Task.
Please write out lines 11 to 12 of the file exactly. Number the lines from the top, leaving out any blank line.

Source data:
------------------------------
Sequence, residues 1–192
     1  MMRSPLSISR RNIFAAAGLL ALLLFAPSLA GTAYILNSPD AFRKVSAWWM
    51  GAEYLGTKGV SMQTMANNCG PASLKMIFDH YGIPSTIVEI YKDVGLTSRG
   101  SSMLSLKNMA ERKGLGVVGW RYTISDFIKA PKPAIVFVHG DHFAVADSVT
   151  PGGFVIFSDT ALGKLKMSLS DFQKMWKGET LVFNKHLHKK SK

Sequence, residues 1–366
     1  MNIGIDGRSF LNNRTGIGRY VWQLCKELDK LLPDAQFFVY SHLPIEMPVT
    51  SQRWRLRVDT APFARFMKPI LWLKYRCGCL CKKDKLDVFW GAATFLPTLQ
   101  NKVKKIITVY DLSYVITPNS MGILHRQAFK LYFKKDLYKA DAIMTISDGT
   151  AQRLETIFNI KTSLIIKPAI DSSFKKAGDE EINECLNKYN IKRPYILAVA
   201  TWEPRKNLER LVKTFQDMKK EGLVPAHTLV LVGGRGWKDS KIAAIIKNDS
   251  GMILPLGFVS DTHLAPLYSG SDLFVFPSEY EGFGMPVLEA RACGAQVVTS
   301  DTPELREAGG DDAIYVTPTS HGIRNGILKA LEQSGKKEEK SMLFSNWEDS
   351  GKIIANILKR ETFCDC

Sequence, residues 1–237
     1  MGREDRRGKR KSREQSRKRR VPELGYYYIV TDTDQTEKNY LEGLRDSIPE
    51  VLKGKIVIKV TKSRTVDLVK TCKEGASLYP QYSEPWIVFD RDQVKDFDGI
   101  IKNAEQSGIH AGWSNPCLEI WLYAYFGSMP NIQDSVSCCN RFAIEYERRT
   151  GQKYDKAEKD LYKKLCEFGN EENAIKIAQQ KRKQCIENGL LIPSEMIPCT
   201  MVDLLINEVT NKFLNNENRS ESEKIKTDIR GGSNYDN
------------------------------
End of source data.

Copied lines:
   201  TWEPRKNLER LVKTFQDMKK EGLVPAHTLV LVGGRGWKDS KIAAIIKNDS
   251  GMILPLGFVS DTHLAPLYSG SDLFVFPSEY EGFGMPVLEA RACGAQVVTS